The UK Financial Services Authority said it is to look into the way structured products are sold in the UK, as it follows up on consumer complaints about such plans that had been backed by Lehman Brothers, the US investment bank that collapsed last year.
In a statement, the City watchdog said it and the Financial Ombudsman Service had “jointly concluded that Lehman Brothers’ insolvency raises issues in the UK structured products market”.
“As a result, while the ombudsman has been investigating a number of individual complaints, the FSA has been actively looking at the wider issues raised in this market,” the statement said.
It said all complaints that had been filed will be frozen while the investigation is carried out.
Structured investment plans have become popular recently because many advertise a “capital protected” feature that appeals to investors who have lost money in other types of investments recently, such as mutual funds and equities.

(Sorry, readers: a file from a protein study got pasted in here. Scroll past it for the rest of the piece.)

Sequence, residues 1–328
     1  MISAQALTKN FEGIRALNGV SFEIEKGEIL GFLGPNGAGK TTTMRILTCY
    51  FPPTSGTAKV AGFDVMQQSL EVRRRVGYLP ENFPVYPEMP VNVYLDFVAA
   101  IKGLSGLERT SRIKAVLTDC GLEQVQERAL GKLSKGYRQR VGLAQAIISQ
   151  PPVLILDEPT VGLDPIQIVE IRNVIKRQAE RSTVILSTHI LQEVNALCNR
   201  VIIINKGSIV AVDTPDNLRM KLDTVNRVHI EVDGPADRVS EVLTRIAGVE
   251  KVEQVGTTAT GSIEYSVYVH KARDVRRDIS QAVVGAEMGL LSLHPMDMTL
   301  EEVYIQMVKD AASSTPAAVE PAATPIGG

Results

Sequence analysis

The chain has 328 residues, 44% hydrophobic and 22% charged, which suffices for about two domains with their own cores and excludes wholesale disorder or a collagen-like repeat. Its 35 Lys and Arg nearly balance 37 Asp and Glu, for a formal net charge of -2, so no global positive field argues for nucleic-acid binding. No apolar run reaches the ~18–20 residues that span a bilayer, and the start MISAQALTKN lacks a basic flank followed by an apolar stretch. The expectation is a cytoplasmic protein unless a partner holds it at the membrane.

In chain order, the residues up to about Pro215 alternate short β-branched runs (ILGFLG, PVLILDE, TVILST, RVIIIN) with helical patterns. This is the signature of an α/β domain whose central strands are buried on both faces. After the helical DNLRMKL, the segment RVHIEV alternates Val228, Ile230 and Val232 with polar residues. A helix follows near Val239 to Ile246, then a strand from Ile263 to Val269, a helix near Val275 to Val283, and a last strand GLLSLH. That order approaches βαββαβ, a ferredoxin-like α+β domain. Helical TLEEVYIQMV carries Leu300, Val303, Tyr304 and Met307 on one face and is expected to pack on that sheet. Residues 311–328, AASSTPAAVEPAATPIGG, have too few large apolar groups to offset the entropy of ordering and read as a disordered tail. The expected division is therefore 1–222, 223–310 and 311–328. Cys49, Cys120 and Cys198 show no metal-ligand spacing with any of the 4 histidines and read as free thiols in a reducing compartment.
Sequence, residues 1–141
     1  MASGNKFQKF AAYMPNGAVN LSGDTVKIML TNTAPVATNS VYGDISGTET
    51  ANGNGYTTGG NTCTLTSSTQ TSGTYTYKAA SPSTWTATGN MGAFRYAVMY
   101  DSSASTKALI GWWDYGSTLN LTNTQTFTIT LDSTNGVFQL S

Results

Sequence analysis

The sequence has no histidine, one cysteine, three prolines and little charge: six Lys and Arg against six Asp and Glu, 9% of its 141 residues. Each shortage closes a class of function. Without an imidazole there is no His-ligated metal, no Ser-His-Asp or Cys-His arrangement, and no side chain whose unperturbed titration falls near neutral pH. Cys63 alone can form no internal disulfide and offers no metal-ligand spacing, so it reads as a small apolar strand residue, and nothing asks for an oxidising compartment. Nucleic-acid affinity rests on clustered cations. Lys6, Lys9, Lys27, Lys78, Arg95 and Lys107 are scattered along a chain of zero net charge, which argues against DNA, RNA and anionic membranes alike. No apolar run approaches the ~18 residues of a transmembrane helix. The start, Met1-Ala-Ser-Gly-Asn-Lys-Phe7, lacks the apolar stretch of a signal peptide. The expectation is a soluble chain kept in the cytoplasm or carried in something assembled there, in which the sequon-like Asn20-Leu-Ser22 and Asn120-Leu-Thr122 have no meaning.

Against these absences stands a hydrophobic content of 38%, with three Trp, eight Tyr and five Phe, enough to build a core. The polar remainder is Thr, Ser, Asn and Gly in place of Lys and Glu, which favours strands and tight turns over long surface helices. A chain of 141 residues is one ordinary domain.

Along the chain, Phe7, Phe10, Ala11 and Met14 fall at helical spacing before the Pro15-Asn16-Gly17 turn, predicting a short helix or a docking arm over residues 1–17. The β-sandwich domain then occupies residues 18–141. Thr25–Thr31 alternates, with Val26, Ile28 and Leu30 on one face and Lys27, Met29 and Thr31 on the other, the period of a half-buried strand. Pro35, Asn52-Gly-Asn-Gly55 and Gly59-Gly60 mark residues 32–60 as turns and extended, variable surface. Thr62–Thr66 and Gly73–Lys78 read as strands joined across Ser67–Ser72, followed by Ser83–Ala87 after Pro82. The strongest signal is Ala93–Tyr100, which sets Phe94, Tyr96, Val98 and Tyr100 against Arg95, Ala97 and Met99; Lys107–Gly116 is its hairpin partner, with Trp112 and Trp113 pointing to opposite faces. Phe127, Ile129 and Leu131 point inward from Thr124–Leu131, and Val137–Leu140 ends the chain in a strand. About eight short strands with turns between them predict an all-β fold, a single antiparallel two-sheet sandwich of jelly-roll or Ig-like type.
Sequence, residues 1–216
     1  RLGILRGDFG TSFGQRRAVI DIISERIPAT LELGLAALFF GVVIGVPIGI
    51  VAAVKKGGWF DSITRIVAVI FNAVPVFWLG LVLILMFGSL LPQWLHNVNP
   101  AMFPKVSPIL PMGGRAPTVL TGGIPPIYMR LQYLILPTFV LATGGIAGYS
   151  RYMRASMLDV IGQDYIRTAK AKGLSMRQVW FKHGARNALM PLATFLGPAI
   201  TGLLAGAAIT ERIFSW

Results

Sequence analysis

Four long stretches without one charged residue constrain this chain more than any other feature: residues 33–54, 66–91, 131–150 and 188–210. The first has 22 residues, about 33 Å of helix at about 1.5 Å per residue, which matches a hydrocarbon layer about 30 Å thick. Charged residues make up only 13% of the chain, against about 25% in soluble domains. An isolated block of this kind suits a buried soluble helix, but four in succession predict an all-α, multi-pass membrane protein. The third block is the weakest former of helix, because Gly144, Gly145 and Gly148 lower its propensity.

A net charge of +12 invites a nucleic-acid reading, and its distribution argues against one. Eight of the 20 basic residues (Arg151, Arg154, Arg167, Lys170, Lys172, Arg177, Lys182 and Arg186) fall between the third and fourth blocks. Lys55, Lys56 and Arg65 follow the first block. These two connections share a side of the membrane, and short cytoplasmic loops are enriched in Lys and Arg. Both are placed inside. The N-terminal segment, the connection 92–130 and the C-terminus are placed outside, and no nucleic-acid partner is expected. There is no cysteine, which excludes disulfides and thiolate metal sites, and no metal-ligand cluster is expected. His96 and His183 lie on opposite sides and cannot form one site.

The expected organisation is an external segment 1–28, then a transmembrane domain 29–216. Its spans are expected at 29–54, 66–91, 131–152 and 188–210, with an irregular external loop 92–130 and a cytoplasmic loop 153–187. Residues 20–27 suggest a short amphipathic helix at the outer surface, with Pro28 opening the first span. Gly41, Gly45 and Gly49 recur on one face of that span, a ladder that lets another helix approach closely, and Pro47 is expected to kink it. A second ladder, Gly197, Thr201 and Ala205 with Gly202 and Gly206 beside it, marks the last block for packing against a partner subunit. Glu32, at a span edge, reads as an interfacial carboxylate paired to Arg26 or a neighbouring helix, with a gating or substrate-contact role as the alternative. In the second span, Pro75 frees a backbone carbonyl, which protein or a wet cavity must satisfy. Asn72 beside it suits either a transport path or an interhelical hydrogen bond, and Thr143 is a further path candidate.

Until Lehman Brothers failed last September, the counterparty risk involved in backing such products had not been widely understood by many consumers.
A separate document on a website shared by the FSA and other regulatory agencies (www.widerimplications.info) notes that an FSA review of the marketing literature for Lehman-backed structured products had been completed, and that the FSA was in the process of evaluating the findings.
“A further priority…is to prepare for an assessment of the quality of advice for these products,” the document says.
“Thirdly, it is conducting an analysis of the wider market for structured products in the UK which will feed into the overall review.”